• The Nuts. We have A-A on an A-A-6 rainbow board facing one timid, rock-like and passive opponent. We raised preflop in early position and the villain just cold-called our raise out of the big blind. He has checked to us on the flop. Our pot equity is 100%; i.e., we have the stone-cold mortal nuts that can’t be outdrawn. We also, unfortunately, have a tremendous amount of fold equity; our opponent is weak-tight and is likely to be afraid of us having an Ace, given our EP preflop open-raise. In this situation, we find ourselves in the upper right-hand portion of the chart. This means it’s time to slow down and let our opponent try to catch up on the turn. Betting now will only result in the bad guy folding, which is not what we want when our hand is this strong.
  • Top Pair Top Kicker. We have A-K on a K-J-9 monotone board against two opponents. Our pot equity with TPTK is reasonably high (i.e., the likelihood that our hand is best is very good). But, because we’re up against multiple opponents and the board is very wet, our fold equity is low to medium at best. Per the chart, we should c-bet for value and protection (i.e., give our opponents the wrong odds to continue in the hand) but then proceed cautiously, depending on what our opponent does and/or what the turn card is.
  • Air. We have 6-5 offsuit on an A-K-2 rainbow board against one weak-tight opponent, who just cold-called our preflop open-raise. We have essentially no pot equity (i.e., essentially “air”), but, because the board also doesn’t hit our opponents range, and he is weak-tight, we also have reasonably high fold equity against him. We should be c-betting as a pure bluff in this situation.
  • Air. We have 6-5 offsuit on an A-K-2 monotone board (not our suit) against three very loose-passive calling stations. We again have air, but, this time, we also have very little fold equity (multiple loose-passive calling station opponents, wet board). This places us in the lower left-hand corner of the chart. Therefore, we should not be continuation betting, but instead we should check and probably just fold to any action from one or more of the villains.
  • Big Draw. We have 8h-7h on a 6h-5h-2s board. Based on our reads, we believe our skilled opponent almost certainly has an overpair or overcards to the board. With our combo straight and flush draws, we have around 55% pot equity. Against this opponent it’s hard to pin down an actual fold equity amount, but here in the middle of the chart it almost doesn’t matter. Let’s assume something like 50% fold equity. This places us near the middle of the chart, and, therefore, we should continuation bet as a semi-bluff draw.

Further Reading:


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6 thoughts on “When to Continuation Bet in Poker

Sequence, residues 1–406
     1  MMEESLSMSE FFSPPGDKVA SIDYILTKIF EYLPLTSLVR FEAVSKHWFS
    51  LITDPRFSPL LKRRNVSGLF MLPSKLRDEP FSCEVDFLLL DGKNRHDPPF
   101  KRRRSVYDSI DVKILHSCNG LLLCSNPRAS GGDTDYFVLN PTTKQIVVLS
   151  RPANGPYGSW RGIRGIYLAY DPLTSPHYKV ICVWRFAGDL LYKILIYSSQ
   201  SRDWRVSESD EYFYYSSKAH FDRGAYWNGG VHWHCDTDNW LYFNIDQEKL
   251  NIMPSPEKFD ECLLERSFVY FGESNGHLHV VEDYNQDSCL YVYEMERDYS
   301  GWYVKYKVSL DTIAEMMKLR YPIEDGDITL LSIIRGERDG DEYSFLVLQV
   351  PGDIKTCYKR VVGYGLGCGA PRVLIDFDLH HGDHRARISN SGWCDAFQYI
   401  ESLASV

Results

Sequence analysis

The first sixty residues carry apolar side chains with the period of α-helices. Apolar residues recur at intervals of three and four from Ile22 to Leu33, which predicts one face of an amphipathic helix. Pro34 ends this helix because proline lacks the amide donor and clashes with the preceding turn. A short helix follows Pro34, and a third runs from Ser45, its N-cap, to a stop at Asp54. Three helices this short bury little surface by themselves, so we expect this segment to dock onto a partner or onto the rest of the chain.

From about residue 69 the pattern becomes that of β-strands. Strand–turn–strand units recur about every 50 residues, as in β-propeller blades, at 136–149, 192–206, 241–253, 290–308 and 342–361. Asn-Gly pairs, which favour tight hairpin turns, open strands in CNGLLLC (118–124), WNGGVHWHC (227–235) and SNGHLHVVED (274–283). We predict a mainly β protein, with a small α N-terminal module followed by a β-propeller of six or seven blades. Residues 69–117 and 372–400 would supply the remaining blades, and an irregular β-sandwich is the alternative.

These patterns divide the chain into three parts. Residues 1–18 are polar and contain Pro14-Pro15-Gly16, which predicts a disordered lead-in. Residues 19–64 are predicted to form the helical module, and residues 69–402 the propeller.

1. Hi

    Firstly can I just say I really enjoy your blog, it is well written & makes sense of some concepts that can be made to look more complicated than they are. My results have improved no end just by following your simple advice of hand values! I’d slipped into bad habits & was calling far too often in the blinds UTG etc just to ‘have a l look at the flop’ this more often than not ended up in half a hand that I then continued with… lol. Only issue I have is I fold so many hands now it becomes a bit obvious when everyone else around the table is playing 80%… but I have now seen with my own eyes its for the best! even if the table all folds when I get involved (some of the time anyway!)…

    anyway, a question, in your blog today you said:

    Air. We have 6-5 offsuit on an A-K-2 rainbow board against one weak-tight opponent, who just cold-called our preflop open-raise. We have essentially no pot equity (i.e., essentially “air”), but, because the board also doesn’t hit our opponents range, and he is weak-tight, we also have reasonably high fold equity against him. We should be c-betting as a pure bluff in this situation.

    isn’t an ace or a king exactly the sort of card a weak tight player may be pinning his hopes on? I’d even be wary if a 10 came up.. so I’m a bit confused… as always..

    • Hi Roy,
      Thanks for the comment and the positive feedback. I’m really glad to hear you’re results are improving, too. A tight preflop starting hand selection is so vitally important to success I poker, but it’s also one of the first things a lot of players (including myself) tend to forget with time. Staying tight is right!
      As to your question, the range of hands that a weak-tight villain is playing preflop (i.e., cold-calling and not re-raising with) typically includes pocket pairs from 22-QQ, and some of the moderately big Aces (e.g., AJ-AQ). Most weak-tights will re-raise with AA, KK, and AK preflop, so we don’t include those in the villain’s range. If we look at the combinations of these hands the villain is playing, there are 10 x 6 = 60 combinations of his pocket pairs that missed this flop. Further, there is one pocket pair combination (six different deuce combos) and 2 x 16 = 32 combinations of big Aces in villains range that hit the flop. There might be other cards in the villain’s range, but we’ll stick with this basic range to keep this example simple. This means that there are 60 combos of villain’s cards that missed the flop, and 6+32=38 combos that hit the flop. In other words, the villain missed 1.57 times as often as he missed. Betting as a bluff here has roughly a 60/(60+38) = 61% chance of succeeding, so we should definitely take a stab, as villain is more than likely to fold on this scary board. Remember, we open-raised, so villain has to be thinking that a lot of Aces are in our range. Kings, too. Bluffing at least one street is the right play. If villain sticks around, we can shut things down.
      Cheers again!
      -Mark

      • Thanks! food for thought!, keep ’em coming, maybe I need to fine tune my bluffing points which I probably don’t do enough of & tend to play for value. I play at lower levels with a lot of loose players who wouldn’t see a bluff at a 1000 paces & just call with any pair. Which is great if you have something obviously (not so great 2/3rds of the time)… however easy to slip into cold calling on the flop…which is what I started doing over time even with premium hands… I’ve CTRL\alt\deleted that habit.

        • At the small and microstakes tables, value is indeed the name of the game. Said another way, at these smaller stakes games, with generally bad, level-1 type villains, you have little fold equity, so you will often find yourself over on the left side of the chart. Bluffing should not be nearly as big a part of your game as it would be at higher stakes and against better opponents. It’s that old adage: “you can’t bluff a bad player.”